This exhibition from Tom Poultney explores the humanising aspect of the meme as folk-art object in building and defining online communities and in doing so, countering automation in the digital space.

It challenges automations to generate folk art in various forms using artificial intelligence, algorithms, and digital fabrication processes.

In November 2022, Chat GPT was asked by user negyvenezer to ‘create a humorous haiku about AI (Artificial Intelligence) replacing humanity.’ It responded with 'Robots take our jobs, AI takes our lovers too, we're left with memes sigh'.

At first glance, this appears to be a humorous poem reflecting popular anxiety around the increasing prevalence of Artificial Intelligence; however, it also provides an important insight into the cultural function of memes. In these 17 syllables, ChatGPT has identified memes as humanising artefacts in the digital space, putting memes in binary opposition to automation and artificial intelligence. As the volume of artificially and algorithmically generated content on social media grows, the ability to distinguish the content created by human users becomes increasingly challenging with memes playing a significant role in validating human authenticity.

There are many ways in which memes perform this function. AI cannot yet read or create memes successfully. Significantly, AI cannot reproduce the ‘Internet Ugly’ aesthetic of memes, which is characterised by misspellings, crudely edited photographs, image appropriation and sloppy freehand drawings. This aesthetic evidences the human labour that underpins meme production and authenticates the human made digital artefact.

Memes in this sense share many of their attributes and functions with traditional folk-art. They are both produced by amateurs, are naively made, and are used by communities to define cultures by reinforcing histories and sharing lore. Like memes, the historical and cultural significance of the folk artefact is evident in the object through its aesthetic, materials and production methods.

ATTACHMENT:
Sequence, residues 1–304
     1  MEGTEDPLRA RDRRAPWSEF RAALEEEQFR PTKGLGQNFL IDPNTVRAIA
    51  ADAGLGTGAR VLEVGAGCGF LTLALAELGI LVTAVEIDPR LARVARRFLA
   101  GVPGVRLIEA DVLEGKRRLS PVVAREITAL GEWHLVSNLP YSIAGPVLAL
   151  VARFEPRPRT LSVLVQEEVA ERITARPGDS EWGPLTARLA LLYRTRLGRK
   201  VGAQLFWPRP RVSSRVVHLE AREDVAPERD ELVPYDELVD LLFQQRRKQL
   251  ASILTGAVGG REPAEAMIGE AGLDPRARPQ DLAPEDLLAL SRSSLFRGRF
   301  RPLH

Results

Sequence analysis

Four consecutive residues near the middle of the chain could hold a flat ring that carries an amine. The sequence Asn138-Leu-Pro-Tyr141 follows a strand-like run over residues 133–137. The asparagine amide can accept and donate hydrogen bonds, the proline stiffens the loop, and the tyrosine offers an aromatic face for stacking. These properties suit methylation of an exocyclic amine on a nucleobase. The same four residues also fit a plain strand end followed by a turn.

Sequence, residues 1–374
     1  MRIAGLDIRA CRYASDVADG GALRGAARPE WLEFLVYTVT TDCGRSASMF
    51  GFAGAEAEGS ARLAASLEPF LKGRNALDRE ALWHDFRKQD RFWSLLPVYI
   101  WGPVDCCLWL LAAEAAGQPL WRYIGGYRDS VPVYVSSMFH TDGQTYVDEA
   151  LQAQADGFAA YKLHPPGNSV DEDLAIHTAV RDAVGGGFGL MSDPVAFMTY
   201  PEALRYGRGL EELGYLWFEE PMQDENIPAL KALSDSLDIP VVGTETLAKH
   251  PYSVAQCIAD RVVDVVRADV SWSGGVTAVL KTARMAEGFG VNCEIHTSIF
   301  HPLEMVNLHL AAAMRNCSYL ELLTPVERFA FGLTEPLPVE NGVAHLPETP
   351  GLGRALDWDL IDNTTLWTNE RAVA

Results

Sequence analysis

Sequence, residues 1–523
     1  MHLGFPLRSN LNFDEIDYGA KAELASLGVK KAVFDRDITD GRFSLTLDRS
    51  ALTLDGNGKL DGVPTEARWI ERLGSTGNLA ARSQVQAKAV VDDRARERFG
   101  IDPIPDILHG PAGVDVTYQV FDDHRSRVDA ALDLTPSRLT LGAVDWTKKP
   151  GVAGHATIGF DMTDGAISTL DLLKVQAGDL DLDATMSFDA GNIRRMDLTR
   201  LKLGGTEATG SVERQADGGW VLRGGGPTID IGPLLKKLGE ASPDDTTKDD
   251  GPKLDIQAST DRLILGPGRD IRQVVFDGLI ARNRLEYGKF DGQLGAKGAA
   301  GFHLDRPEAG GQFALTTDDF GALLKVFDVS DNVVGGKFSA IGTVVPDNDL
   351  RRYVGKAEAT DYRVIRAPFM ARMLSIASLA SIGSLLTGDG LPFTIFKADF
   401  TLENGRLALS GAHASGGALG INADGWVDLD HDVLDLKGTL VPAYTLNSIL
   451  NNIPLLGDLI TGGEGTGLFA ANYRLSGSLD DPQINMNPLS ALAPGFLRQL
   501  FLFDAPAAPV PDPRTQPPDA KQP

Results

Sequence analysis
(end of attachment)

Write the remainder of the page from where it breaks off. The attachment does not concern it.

Poster for exhibition of work by Tom Poultney at the University of Leeds


About the artist

Tom Poultney is a practice-led Postgraduate Researcher at the University of Leeds. Tom’s practice explores social media and digital culture, particularly the humanising function of the meme aesthetic.

Tom creates work across a range of medium with a particular focus on the use of automated digital process to create artworks using artificial intelligence and algorithms.

Tom is also co-curator and editor of the BLANK_ gallery and publication.

Follow Tom Poultney on Twitter: @tee___pee


Project Space
School of Fine Art, History of Art and Cultural Studies
University Road
University of Leeds
Leeds LS2 9JT

Opening times

Open Wednesday 26 July to Tuesday 1 August, 10:00am to 3:00pm (closed Sunday).

Preview night: Thursday 27 July, 5:00pm - 8:00pm. All welcome.


Tom Poultney, DeepFolk, 2021.